San Franciscans love tech, they’re totally cool with the Google buses, and care more about job creation than the cost of living, according to a newly released poll of San Franciscans by the Bay Area Council.
But though the poll asked respondents these questions in English and Cantonese, the pollsters left out one pretty important group of people in this debate: Spanish speakers. Yes, a poll about tech buses and the tech industry, and tangentially gentrification — which is now hitting the Mission District hard — failed to ask Spanish speaking voters any questions in their native tongue.
“Considering the tech industry’s impact on the Mission district, that’s a little suspcious,” Cynthia Crews, of the League of Pissed Off Voters told us. That’s an understatement. The “Our Mission: No Eviction” protest last October turned out hundreds of Mission residents, many Latino, against the gentrification of the neighborhood (and the lax regulations of the Google buses). The first Google bus protest took place on 24th and Valencia, in the Mission district.
Assemblyman Tom Ammiano said it was especially important to include Spanish-speaking voters. “San Francisco is a very multicultural city,” he said. “Even if the [polling] results were the same,” by polling Spanish speakers, “it would be a truer picture.”
The San Francisco Municipal Transportation Agency announced a pilot program to study the use of commuter shuttles, including tech buses (known commonly as Google buses), but also shuttles from hospitals and universities. The pilot program came to a halt when a coalition of advocates filed an appeal of the pilot program under the California Environmental Quality Act, known as CEQA. Those concerns will be heard at City Hall next Tuesday. The shuttles impacted Latino populations in the Mission particularly hard, leading advocates to say question why their voices were not heard in the poll.
Rufus Jeffris, a spokesperson for the Bay Area Council, who commissioned the poll, told us they just wanted answers on how to move the conversation around tech forward. “Clearly we’re in a time of economic growth, but we want to make sure we’re focused ont he right solutions,” he said.
And the number of Spanish-speaking likely voters was not significant enough to warrant the expense of including them in that conversation, Jeffris told us.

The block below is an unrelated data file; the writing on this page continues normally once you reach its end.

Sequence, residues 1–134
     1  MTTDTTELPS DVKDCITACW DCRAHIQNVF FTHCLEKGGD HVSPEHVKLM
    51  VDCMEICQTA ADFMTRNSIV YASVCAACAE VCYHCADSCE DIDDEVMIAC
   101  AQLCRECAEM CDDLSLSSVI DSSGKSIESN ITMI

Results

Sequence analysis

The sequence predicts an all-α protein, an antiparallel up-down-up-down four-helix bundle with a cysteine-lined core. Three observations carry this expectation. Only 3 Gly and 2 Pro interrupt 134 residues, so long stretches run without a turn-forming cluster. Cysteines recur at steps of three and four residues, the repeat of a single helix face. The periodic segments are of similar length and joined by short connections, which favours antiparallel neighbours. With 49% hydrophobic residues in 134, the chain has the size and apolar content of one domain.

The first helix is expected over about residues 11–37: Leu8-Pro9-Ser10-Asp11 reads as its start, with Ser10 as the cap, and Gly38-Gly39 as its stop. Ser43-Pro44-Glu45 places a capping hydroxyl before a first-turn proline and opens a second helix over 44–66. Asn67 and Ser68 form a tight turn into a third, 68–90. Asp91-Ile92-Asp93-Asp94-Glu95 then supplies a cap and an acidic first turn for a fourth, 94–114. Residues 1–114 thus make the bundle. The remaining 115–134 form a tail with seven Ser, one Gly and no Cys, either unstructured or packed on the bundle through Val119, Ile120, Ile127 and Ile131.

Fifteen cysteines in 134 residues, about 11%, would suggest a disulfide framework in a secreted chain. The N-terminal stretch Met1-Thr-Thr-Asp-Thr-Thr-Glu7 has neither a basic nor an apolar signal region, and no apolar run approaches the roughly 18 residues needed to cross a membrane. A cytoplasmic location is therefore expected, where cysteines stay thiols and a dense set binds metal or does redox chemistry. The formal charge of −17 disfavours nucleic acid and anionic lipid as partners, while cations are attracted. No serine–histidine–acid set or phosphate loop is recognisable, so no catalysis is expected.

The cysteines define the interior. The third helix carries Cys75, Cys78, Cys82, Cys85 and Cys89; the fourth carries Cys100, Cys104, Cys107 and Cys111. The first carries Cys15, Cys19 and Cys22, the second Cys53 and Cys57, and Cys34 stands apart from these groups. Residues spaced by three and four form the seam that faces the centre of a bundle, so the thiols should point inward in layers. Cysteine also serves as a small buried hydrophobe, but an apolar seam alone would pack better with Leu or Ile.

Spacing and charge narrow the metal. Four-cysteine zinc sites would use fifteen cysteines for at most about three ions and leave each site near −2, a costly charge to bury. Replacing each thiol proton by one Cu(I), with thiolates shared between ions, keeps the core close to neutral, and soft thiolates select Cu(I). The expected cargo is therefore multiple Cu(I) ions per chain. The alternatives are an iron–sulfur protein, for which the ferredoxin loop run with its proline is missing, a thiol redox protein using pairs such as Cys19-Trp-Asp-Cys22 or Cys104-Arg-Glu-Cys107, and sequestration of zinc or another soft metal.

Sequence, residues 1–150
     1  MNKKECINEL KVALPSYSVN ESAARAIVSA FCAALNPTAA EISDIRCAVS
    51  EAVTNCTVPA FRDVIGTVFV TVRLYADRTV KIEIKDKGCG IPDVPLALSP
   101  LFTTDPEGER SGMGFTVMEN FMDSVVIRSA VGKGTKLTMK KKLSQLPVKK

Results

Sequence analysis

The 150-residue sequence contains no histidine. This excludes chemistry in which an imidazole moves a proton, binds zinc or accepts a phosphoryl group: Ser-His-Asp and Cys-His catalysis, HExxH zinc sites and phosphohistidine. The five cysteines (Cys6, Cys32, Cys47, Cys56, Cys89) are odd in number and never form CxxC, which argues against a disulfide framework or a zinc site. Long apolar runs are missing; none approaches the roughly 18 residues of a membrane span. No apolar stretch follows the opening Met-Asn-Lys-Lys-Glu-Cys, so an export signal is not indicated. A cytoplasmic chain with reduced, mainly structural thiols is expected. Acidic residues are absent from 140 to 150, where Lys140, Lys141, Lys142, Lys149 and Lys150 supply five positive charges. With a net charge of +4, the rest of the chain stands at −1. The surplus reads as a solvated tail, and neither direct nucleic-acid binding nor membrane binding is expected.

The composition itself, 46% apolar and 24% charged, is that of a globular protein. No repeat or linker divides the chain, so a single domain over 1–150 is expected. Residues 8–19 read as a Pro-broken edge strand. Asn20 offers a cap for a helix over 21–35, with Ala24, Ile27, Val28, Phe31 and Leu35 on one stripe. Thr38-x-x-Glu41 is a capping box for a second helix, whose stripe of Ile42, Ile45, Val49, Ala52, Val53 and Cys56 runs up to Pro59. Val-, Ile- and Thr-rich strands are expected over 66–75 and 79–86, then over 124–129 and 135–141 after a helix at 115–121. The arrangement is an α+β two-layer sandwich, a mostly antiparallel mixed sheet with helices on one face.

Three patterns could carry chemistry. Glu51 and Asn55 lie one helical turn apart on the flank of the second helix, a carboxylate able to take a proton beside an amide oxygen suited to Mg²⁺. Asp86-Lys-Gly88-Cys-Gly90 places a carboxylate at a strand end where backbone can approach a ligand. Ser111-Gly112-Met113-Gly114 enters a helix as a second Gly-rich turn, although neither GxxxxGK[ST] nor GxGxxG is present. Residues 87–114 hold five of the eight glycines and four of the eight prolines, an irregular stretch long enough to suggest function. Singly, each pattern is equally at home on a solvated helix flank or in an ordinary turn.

The poll said San Francisco voters’ opinions differed from news coverage of the shuttles: “Despite what it may look like from recent media coverage, a majority of voters have a positive opinion of the shuttle buses and support allowing buses to use Muni stops.”
Of course you’ll find a lot of voters in favor of the Google buses if you fail to interview a major voting bloc of the city that actually lives near them. Latinos make up 15 percent of the city’s population, according to 2012 US Census data. But Jeffris said that may not matter.
“The universe of likely voters does not always mirror [the population],” he said. “Not everyone in the city’s population votes.” Ruth Bernstein, a principal of EMC Research, the pollsters, said the Cantonese speakers usually comprise 9 percent of likely voters.
The poll found that “Tech workers are viewed unfavorably by only a minority.” Just 17 percent of respondents were unfavorable of the tech industry to some degree, while 70 percent were favorable in some fashion.
An excerpt from the poll saying most San Franciscans view Google buses favorably.
But the methodology of the poll may have been flawed regardless of who they talked to. Bernstein told the Guardian that the questions were crafted in sessions between the EMC Research and the Bay Area Council.
“We did a draft,” she said, “and then worked with the Bay Area Council until they were satisfied with what we did.”
The Bay Area Council is a noted pro-business organization, casting a particular narrative behind the questions it asks. Notably, it didn’t ask about the shuttles’ direct ties to displacement in neighborhoods. It did, however, ask many questions about the Google buses, or “shuttles.”
“All I can tell you is what we saw,” Berstein told us, of her company’s methodology. “There are certainly people not happy about [the shuttles]. The voters aren’t opposed to them, but they want regulations.”
SEIU Local 1021 Political Director Chris Daly was more plain spoken about the business interests behind this poll. “Well it looks like Jim Wunderman seeking a paycheck!” Daly said, referring to the Bay Area Council’s CEO and President. “Get the nice folks at EMC to do a poll for you, probably costs you close to 20 grand. They’ll get a good day of press out of it tomorrow.”
But even if the poll turned out to be the same, or similar, if it included voices of Spanish speakers, Daly said it still wouldn’t get to the heart of the issue.
“Even if the public does like tech shuttles, it has no bearing on the CEQA hearing Tuesday to determine if the City followed categorical law on this ridiculous policy,” he said. “They claim [the shuttles have] no significant environmental impact. “When it comes to displacement, when it comes to air quality and cancer rates, clearly these things are having a huge impact on San Francisco’s environment.”
And though the corporate shuttles do take cars off the road, if those same shuttles displace low-income workers into the suburbs, those low-income workers will then have to drive into San Francisco for work.
The tech workers get to ditch their cars, and the low-income workers will be forced to drive. Sounds just about as equitable as this poll.
If you’d like to see the poll for yourself, we’ve embedded the slides showing the results below.